Never when I signed up for this whole PhD “thing”, did I think that further down along the line I would wander down the aisles of countless formless and faceless Home Depots and Lowes, familiarizing myself with PVC epoxies, pipe cutters, types of quick-pour concrete, and erratically color-coded lengths of rebar. While I am in the very last throes of the natural science component of my dissertation, for stretches within the last year, nary a week would pass without at least one, if not several, trips searching for the miscellanea one needs to make a bare-bones scientific project happen.
My method for estimating oyster filtration rates required the use of sediment traps (see my post about it here) constructed out of buckets and netting. However, the studies that used them prior and upon which I based my design, had employed them in very different settings. My traps had to withstand dynamic ocean conditions, tidal cycles, and the interest of the errant passerby. So thus began the nail-biting process of iterative design. What type of buckets to use to avoid re-suspending sediment? What kind of netting across the mouth? How to affix them to reef? How to weight them so they wouldn’t float away during the first high tide?
Practice run after practice run unfolded as I tried various proto-types. Scuba weights affixed to the mouth of buckets using hose clamps. Testing ways to keep everything in one place using ground anchors, thin lengths of PVC, rebar. Phone calls from nearby good Samaritans who had retrieved my runaway equipment (a PSA if there ever was one for labeling your gear!). A slick (if not utterly lo-fi) double-nested bucket design weighted down with rounds of concrete emerged out the mixture of mishaps and successes. I then did it all again and tapped into the same recurrent type of process when creating a seawater flow-through system for oyster filtration lab trials.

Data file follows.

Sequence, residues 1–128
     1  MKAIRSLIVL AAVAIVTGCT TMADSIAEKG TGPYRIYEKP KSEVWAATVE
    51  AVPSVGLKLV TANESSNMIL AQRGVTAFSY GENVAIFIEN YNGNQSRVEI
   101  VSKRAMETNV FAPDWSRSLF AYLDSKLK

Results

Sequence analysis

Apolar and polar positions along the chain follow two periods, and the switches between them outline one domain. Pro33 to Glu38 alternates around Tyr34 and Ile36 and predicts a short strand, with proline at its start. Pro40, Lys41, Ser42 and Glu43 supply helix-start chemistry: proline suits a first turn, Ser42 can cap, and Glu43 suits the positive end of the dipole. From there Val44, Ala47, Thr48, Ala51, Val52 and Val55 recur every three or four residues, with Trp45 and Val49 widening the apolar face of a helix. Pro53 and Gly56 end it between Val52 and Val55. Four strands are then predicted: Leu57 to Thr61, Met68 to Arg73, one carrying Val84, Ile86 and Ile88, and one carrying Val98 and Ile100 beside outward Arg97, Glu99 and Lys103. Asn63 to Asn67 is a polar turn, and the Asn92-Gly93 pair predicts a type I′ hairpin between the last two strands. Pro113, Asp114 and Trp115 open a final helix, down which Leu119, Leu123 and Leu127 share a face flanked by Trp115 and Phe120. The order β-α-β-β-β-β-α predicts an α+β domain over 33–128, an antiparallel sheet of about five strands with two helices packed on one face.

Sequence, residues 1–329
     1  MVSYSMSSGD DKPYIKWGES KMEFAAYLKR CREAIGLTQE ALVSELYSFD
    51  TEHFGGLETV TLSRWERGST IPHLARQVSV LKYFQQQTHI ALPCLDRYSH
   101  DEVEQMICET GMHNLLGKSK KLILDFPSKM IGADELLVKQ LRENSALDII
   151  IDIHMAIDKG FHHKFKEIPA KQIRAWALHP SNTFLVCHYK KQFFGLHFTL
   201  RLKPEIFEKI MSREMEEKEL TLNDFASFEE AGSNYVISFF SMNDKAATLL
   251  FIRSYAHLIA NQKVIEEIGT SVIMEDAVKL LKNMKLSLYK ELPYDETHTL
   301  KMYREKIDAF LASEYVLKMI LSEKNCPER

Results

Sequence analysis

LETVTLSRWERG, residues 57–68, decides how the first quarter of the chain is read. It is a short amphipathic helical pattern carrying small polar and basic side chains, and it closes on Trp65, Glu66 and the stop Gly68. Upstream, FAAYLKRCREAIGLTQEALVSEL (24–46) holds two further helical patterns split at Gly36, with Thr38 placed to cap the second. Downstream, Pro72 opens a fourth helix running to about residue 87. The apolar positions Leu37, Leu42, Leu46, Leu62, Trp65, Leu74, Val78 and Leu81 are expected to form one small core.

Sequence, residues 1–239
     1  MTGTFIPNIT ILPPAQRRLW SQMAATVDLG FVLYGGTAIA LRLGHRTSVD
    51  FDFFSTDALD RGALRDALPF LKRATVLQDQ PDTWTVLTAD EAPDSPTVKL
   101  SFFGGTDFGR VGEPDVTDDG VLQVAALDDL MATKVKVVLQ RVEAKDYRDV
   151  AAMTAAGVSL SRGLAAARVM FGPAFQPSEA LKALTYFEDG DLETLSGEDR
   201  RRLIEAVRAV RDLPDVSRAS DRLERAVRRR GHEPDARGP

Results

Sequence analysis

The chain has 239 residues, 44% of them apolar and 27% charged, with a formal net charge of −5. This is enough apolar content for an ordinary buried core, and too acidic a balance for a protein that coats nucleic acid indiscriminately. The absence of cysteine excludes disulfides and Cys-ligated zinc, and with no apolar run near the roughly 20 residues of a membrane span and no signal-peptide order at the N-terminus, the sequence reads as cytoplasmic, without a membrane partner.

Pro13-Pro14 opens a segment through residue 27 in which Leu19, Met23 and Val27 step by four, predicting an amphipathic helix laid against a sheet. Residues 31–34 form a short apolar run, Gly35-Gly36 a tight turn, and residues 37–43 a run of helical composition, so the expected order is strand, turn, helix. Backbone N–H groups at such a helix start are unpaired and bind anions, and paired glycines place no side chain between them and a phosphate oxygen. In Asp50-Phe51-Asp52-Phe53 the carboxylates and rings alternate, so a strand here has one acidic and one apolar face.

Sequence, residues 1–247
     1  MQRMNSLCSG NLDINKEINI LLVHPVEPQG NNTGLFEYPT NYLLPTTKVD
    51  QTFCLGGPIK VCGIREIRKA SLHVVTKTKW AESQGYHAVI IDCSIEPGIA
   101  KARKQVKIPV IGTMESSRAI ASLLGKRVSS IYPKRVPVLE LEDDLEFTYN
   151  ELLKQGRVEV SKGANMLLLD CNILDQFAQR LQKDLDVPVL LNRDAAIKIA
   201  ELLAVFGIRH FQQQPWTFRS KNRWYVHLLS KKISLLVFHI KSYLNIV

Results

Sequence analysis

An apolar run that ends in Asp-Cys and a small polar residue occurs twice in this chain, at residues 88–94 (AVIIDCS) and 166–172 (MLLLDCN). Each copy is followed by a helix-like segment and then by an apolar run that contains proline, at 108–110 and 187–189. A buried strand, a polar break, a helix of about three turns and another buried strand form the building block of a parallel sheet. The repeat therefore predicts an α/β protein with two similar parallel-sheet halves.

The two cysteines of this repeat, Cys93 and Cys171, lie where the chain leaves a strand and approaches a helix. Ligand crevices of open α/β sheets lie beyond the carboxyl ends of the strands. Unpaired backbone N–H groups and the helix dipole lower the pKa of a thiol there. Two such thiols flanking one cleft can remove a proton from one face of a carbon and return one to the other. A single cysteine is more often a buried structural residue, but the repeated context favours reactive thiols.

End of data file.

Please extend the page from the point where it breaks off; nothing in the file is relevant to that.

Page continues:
All the while, I was running to every hardware store in town, looking for materials of the right shape, weight, and construction for whatever small application I had in mind. Many questions directed towards employees started with “This is going to sound strange, but…”. Eyebrows were raised when I bought 30 of something generally purchased in increments of one or two – “…Doing a lot of yard work this weekend?” I recall poorly relaying the idea of my experimental sediment traps meant to measure the amount of oyster biodeposits produced during my experiment, and the amusing follow-up question: “Are you trying to keep the oysters from getting away?”
Many questions directed towards employees started with “This is going to sound strange, but…”.
Additionally I had the help of a marine lab machine shop to drill, cut, and sand. I learned how to estimate which equipment I needed for which job. I also had the opportunity to watch those inclined towards clever design and ask plenty of questions. Is there enough water pressure to do that? How do I get the flow to be more laminar? How do I keep this from leaking?
It’s a cultivated skill set, one which rewards those who tinkered with lego and kinex as a kid. Rarely are we told as marine biologists, fisheries scientists, or field ecologists, that we will draw so heavily upon what amounts to being back-of-the-envelope engineers.It’s also a continued argument for the inclusion of the “T” (technology) and the “E” (engineering) part of STEM training that is often desired on the job, but may make scant appearance in a scientist’s formal education.
Most of us instead gain experience through more informal avenues, as the best teacher is often necessity. Also there is no better practice than to constantly build, err, and deconstruct, all while slowly incorporating new fixes and experiencing the fog of confusion out of which comes little sparks of revelation. The act of literally building our science from the ground up is one of ultimate creativity, funneling in threads of right-brain function, and helping us shape solutions in response to whatever demands our research may make of us.
Note: This content has been cross-posted on the blog “From Reef to Rivers: Florida’s Fisheries Science Blog“